Summary: An invitation to come to the cross should be ore than just an invitation to take something away. This is an invitation o bring something, when you come.
Come to the Cross 2 Corinthians 5:21
PLAY Video following the offertory prayer
I want to invite you to come to the cross this morning and consider what the death of Jesus means for you, and for your world.
If you accept my invitation to come to the cross this morning, I don’t want you to come empty handed.
When you come, I want you to bring five things with you.
1. When you come to the Cross, bring your sin.
I wonder why is it that we carry our sin around with us and even feel bad about it, instead of running to the cross where we find forgiveness, in Jesus.
We need to remember, it was our sin that caused Jesus to die for us.
This should cause us to search our hearts and souls for the places where we have turned away.
We should consider the times we have been disobedient. For the wrong habits we cling to.
Hanging on to our sin is like getting all dressed up for an important party, walking out the door to a huge mud puddle, and jumping right in the middle of it.
But then instead of running back inside and getting cleaned up, we sit there, in the puddle, feeling bad. Feeling sorry for ourselves. Feeling too ashamed.
But while we sit there, we are missing the party.
What we need is to hurry back and get cleaned up, by coming quickly to the cross, confess our sin to Jesus and asking for forgiveness.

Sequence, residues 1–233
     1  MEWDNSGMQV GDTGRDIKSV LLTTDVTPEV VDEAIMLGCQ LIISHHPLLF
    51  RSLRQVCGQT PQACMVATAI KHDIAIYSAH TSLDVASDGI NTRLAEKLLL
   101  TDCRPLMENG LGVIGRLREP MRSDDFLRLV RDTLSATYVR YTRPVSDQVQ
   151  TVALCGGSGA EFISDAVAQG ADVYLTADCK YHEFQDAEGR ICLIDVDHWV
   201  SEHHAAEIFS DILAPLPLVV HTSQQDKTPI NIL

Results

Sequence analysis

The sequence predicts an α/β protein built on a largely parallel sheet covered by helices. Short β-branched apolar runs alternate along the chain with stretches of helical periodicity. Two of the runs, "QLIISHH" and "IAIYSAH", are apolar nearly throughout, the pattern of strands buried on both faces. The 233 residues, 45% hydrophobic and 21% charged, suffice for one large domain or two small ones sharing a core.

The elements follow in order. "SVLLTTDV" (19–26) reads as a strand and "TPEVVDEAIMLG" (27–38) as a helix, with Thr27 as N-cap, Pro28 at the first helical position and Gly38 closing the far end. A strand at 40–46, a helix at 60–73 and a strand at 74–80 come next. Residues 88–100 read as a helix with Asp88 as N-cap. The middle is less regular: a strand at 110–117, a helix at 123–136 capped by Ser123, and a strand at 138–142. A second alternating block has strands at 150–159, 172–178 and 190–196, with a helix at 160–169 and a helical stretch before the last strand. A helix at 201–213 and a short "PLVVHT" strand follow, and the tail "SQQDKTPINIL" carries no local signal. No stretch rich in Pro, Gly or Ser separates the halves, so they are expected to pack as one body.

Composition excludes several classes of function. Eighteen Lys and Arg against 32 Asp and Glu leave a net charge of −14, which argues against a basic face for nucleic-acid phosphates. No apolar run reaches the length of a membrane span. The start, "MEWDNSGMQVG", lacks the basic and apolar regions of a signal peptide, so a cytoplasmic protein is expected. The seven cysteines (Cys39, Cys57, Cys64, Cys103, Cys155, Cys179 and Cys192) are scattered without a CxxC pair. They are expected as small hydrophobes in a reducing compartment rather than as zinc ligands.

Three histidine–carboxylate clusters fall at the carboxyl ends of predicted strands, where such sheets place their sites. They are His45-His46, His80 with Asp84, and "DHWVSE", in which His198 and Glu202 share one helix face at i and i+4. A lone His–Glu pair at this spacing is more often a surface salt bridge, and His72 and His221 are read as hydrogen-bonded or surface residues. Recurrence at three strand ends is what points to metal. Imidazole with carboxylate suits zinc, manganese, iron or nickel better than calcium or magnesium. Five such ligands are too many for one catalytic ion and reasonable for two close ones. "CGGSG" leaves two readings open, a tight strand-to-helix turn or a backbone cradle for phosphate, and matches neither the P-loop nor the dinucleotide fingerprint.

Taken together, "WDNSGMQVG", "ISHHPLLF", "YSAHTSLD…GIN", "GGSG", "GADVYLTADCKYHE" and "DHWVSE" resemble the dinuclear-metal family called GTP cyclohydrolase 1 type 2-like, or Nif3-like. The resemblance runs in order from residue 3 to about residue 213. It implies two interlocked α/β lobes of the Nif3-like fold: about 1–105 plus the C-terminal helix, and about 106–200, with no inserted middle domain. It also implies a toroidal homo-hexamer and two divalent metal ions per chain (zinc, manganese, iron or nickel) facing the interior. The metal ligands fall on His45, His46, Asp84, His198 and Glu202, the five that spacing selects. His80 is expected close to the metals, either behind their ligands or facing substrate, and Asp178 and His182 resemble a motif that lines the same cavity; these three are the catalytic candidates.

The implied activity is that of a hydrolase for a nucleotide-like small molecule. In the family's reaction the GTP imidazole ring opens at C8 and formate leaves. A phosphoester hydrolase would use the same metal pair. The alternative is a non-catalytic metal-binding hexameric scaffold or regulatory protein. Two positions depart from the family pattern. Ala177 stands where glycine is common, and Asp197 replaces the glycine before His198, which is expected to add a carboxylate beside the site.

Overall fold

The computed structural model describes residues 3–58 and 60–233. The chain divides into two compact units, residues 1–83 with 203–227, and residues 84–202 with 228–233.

Jesus promised us in, [1Jo 1:9 NKJV] “If we confess our sins, He is faithful and just to forgive us [our] sins and to cleanse us from all unrighteousness.”
The truth is, Jesus has already carried our sin on His shoulders, the day He walked to that cross. The penalty has been already paid. He is just waiting for us to see it, admit our sin and let it go.
He’s waiting for you to trust Him with the cleansing, and when you do, you are able to walk away free and whole.
So come to the cross, where you will find forgiveness for you sin this morning.
2. When you some to the Cross, bring your gratitude.
Imagine being in Ronald Smarts’ shoes actually hearing a judge sentence you to death.
You’ve committed a crime for which death is the only punishment.
You hear the verdict…“guilty.”
You hear the sentence…“death.”
BUT then you hear something else. A man in the back of the room steps forward, walks up to the guards who have you by the arm, and gently pulls the guards hands away.
He offers His wrists, and they place the cuffs on Him, and march Him off to take your place; to take your punishment.
You are free to go! Someone else has taken your place.
How would you feel towards that man? Wouldn’t you feel tremendous gratitude? Maybe you would feel a little guilty that someone else took the punishment you deserved.
But years later, as you watched your children grow and your friendships deepen and your face aging in the mirror, you would know – you would remember – that someone else gave their life so that you could live.
Hold onto that feeling. And bring that to the cross because that’s exactly what Jesus did for you/me…
3. When you come to the Cross, bring your burdens.
In the book, Pilgrim’s Progress, John Bunyan describes how the pilgrim realizes his guilt and lostness. Strapped to his back is the heavy burden of sin and shame.